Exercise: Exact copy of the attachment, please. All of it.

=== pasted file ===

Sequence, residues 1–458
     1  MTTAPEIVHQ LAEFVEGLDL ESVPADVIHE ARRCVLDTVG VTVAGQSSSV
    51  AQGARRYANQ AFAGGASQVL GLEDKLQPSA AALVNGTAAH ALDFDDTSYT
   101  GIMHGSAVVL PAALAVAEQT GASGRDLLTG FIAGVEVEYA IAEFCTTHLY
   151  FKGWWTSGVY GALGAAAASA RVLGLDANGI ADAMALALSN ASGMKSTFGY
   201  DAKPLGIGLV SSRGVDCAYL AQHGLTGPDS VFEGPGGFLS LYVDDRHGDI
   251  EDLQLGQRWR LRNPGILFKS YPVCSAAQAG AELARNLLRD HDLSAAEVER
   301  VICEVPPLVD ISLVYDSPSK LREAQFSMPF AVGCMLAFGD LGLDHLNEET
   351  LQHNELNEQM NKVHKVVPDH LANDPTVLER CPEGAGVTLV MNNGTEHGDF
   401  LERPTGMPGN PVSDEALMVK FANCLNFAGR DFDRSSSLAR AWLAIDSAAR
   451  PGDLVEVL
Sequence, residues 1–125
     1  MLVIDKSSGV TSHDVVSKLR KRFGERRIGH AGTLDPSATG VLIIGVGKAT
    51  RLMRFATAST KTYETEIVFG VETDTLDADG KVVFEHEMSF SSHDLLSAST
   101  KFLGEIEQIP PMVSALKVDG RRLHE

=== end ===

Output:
Sequence, residues 1–458
     1  MTTAPEIVHQ LAEFVEGLDL ESVPADVIHE ARRCVLDTVG VTVAGQSSSV
    51  AQGARRYANQ AFAGGASQVL GLEDKLQPSA AALVNGTAAH ALDFDDTSYT
   101  GIMHGSAVVL PAALAVAEQT GASGRDLLTG FIAGVEVEYA IAEFCTTHLY
   151  FKGWWTSGVY GALGAAAASA RVLGLDANGI ADAMALALSN ASGMKSTFGY
   201  DAKPLGIGLV SSRGVDCAYL AQHGLTGPDS VFEGPGGFLS LYVDDRHGDI
   251  EDLQLGQRWR LRNPGILFKS YPVCSAAQAG AELARNLLRD HDLSAAEVER
   301  VICEVPPLVD ISLVYDSPSK LREAQFSMPF AVGCMLAFGD LGLDHLNEET
   351  LQHNELNEQM NKVHKVVPDH LANDPTVLER CPEGAGVTLV MNNGTEHGDF
   401  LERPTGMPGN PVSDEALMVK FANCLNFAGR DFDRSSSLAR AWLAIDSAAR
   451  PGDLVEVL
Sequence, residues 1–125
     1  MLVIDKSSGV TSHDVVSKLR KRFGERRIGH AGTLDPSATG VLIIGVGKAT
    51  RLMRFATAST KTYETEIVFG VETDTLDADG KVVFEHEMSF SSHDLLSAST
   101  KFLGEIEQIP PMVSALKVDG RRLHE